Anna Leask

Anna Leask is senior police reporter for the New Zealand Herald.

Model's inquest: Drowning death likely - cop

Iraena Asher. Photo / Supplied
Iraena Asher. Photo / Supplied

The inquest into the death of Auckland model Iraena Asher has started in the Auckland District Court - on what would have been her 33rd birthday.

Ms Asher, 25, was last seen at Piha in October 2004.

She called 111 requesting help and police sent a taxi for her. However the taxi was mistakenly sent to Onehunga and Ms Asher has not been seen since.

Coroner Peter Ryan is presiding over the inquest and heard first this morning from Detective Senior Sergeant John Sutton, who headed the investigation into Ms Asher's disappearance.

Mr Sutton read a 33-page statement to the court, outlining Ms Asher's background and history of mental illness.

He extensively detailed the last days and hours of Ms Asher's life and concluded that it was most likely that she had wandered into the surf and drowned.

Mr Sutton said there was no evidence she had been a victim of foul play.

It was also unlikely she had gone into hiding or become lost in the bush and died of exposure.

He also concluded that there were major shortcomings in the way police handled Ms Asher's 111 call, and the failure of Piha residents who found her in a disoriented state to call police.

He believed that had those residents called police, and had police sent a patrol car after Ms Asher indicated she felt unsafe - she may still be alive today.

Ms Asher's ex-boyfriend has also given evidence at an inquest into her death.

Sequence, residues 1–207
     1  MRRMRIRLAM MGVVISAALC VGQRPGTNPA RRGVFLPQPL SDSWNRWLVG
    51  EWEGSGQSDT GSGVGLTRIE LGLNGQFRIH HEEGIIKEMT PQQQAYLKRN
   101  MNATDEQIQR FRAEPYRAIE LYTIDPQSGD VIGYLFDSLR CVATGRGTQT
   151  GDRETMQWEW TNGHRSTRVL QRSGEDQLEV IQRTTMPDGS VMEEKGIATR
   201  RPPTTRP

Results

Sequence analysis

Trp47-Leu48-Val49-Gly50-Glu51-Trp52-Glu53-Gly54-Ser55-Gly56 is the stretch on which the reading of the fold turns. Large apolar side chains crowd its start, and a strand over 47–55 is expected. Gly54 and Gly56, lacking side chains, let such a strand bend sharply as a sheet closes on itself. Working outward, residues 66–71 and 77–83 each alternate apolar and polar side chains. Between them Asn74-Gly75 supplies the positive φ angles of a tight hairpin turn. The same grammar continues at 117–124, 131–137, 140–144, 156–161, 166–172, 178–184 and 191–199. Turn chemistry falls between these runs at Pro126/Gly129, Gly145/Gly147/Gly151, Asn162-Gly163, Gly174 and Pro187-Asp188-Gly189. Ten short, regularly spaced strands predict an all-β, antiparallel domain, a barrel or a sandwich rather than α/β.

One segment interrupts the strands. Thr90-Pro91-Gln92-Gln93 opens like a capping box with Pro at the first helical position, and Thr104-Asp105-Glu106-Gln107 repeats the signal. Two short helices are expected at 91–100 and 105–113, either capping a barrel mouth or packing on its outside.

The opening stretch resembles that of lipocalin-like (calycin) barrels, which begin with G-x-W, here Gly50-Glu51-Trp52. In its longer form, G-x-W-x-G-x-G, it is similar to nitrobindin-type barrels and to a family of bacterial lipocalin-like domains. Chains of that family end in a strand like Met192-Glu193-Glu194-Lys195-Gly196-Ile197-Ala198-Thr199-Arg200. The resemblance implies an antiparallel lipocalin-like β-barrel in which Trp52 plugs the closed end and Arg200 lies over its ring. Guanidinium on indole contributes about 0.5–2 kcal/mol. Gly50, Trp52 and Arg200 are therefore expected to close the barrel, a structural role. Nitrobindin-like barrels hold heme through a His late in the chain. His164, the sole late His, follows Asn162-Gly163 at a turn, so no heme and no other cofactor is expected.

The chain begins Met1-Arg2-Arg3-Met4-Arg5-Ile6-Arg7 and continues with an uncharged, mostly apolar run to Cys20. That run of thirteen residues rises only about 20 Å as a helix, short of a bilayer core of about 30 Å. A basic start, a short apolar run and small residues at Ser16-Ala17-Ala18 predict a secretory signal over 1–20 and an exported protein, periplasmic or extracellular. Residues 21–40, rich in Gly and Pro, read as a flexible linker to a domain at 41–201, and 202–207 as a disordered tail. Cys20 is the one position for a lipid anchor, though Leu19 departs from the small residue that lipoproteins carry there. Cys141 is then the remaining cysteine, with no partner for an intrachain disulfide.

Julian Dyson was in a relationship with the Auckland model for about four years. However she broke up with him just before she died as she had started a new relationship with her flatmate's brother.

At the Auckland District Court this afternoon, Mr Dyson told Coroner Peter Ryan he did not believe Ms Asher would have taken her own life. He also said she was a conservative person who was unlikely to do reckless things, such as go swimming on her own in the dark.

He said she knew Piha well, was not afraid of the water and was a strong swimmer.

Mr Dyson said reports of Ms Asher's behaviour in the hours leading up to her death led him to believe she was suffering from a bipolar episode when she disappeared.

The inquest had also heard from the police officer who led a massive air, sea and land search in and around the Piha area - where the 25-year-old was last seen.

Senior Sergant Mark Fergus was the on call Search and Rescue controller for the greater Auckland area the weekend Ms Asher went missing.

His evidence is continuing, but he has outlined the planning and execution of different tasks given to search teams looking for Miss Asher.

Two associates of Ms Asher have also given evidence this afternoon, describing her behaviour in the lead up to her disappearance. Both witnesses applied to Coroner Peter Ryan to have their names and any information that would identify them suppressed.

The first witness wanted to protect herself and her child from unwanted media attention.

The second said Ms Asher's disappearance had resulted in him seeking medical treatment for depression and anxiety. He also wanted to protect the privacy of his family.

Both witnesses spoke of Ms Asher's "weird" and "sexually charged" behaviour and "extreme" moods before she vanished.

The inquest will continue tomorrow and members of Ms Asher's family are expected to give evidence.

The inquest continues.

- APNZ

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